What do these innovative projects look like, and what policies are needed to support them? Consider floating offshore wind. Europe’s nearshore shallow seas are already crowded with wind turbines.
But until recently, it has been much too expensive to develop wind farms in the deep water where 80 per cent of Europe’s offshore wind-generating potential is found.
By building 100 large-scale floating wind farms by 2030 in the Baltic and North Seas and in the Atlantic Ocean, we can begin to unlock this vast potential and rapidly scale up renewable energy production in countries like Portugal, Sweden, and Estonia.
On the policy front, programs like Horizon Europe, the EU’s primary funding vehicle for research and innovation, can accelerate advances in blade design, and ultimately drive down costs for turbines that don’t need to be permanently fixed onto the seabed.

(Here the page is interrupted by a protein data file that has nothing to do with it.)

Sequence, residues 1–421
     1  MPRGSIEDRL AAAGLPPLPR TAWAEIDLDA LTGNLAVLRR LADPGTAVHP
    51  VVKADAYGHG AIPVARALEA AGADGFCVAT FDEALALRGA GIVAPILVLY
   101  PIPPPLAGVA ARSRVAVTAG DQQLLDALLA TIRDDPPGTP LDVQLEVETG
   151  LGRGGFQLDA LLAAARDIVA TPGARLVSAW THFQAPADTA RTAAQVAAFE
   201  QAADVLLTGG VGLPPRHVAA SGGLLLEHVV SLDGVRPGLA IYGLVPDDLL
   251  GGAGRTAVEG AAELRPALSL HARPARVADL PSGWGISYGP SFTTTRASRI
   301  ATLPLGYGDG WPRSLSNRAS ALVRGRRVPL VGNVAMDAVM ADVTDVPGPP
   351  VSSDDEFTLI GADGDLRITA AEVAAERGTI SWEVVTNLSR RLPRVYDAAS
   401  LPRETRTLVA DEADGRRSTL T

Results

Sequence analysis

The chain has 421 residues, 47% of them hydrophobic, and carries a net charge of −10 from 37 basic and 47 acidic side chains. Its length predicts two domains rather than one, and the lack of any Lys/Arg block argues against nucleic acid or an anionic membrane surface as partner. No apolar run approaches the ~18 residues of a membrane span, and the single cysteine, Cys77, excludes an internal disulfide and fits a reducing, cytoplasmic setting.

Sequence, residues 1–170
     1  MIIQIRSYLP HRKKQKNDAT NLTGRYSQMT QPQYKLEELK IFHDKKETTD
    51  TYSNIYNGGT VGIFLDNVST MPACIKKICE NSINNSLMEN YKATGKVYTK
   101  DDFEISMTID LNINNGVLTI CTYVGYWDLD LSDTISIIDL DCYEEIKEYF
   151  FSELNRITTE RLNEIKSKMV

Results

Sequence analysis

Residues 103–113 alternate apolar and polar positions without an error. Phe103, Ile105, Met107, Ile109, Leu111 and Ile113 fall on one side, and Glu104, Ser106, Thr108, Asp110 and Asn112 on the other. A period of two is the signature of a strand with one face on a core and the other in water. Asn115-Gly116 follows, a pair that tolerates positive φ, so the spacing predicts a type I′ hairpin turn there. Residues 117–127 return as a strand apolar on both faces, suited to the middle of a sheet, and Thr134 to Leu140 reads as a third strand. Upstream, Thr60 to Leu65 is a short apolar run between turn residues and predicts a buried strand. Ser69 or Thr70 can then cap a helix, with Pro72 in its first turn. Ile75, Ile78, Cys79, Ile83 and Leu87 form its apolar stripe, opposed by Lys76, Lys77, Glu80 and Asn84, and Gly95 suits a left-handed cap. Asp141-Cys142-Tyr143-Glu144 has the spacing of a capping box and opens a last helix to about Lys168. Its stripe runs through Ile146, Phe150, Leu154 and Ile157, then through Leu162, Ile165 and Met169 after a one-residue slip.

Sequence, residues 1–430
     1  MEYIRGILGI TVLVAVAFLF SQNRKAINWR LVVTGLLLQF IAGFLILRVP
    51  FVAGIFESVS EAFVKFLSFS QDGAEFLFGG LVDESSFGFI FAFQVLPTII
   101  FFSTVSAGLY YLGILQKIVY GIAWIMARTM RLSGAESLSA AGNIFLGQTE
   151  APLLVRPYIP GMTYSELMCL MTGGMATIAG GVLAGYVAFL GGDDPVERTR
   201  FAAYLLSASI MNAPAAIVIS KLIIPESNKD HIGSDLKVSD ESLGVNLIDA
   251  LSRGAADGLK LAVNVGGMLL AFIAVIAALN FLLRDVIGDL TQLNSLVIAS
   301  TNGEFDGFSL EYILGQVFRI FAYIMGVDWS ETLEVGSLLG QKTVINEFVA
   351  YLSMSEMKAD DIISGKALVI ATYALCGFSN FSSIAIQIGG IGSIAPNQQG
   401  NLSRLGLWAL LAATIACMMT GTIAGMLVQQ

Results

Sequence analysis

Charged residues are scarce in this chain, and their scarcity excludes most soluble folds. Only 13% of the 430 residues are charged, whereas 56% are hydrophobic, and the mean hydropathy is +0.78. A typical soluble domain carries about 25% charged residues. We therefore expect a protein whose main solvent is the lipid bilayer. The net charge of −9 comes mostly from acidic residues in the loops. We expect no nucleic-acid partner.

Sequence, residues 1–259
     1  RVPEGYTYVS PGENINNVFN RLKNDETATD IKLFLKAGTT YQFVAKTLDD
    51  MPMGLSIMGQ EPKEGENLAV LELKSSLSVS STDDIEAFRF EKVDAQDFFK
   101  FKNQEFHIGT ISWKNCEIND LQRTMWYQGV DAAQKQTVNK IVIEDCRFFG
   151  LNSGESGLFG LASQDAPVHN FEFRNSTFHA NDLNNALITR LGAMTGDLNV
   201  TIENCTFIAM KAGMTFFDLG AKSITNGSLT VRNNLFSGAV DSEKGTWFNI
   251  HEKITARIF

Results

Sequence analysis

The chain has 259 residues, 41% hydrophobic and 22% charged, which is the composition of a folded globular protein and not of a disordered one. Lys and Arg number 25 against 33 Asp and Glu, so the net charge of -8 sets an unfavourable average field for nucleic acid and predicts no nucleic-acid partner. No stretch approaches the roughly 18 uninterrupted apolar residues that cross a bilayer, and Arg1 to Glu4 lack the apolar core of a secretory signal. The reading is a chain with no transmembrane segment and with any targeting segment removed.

Another promising investment area is in “Agriculture 4.0.” In Europe’s agriculture sector, the rate of uptake of digital technologies currently lags behind what’s happening in other major industries, owing to margin constraints on farm equipment and a relative lack of investment capacity.
If farmers, tech companies, universities, and others work together to identify best practices for farming technologies – such as satellite imaging, robotics, and blockchain – they could create a €10 billion market by 2050 that would also help drive down emissions.
By bringing agriculture fully into the digital age, we can make the sector more appealing for a younger generation of farmers who want to maximise efficiencies in how we grow our fruits and vegetables, raise our livestock, and manage arable land and forests.
Finally, there are many opportunities in the renovation of public buildings. Schools, hospitals, and other public facilities are vital to any community, but in Europe, they tend to be among the oldest and least energy-efficient forms of infrastructure. All told, buildings in Europe account for 40 per cent of EU energy consumption.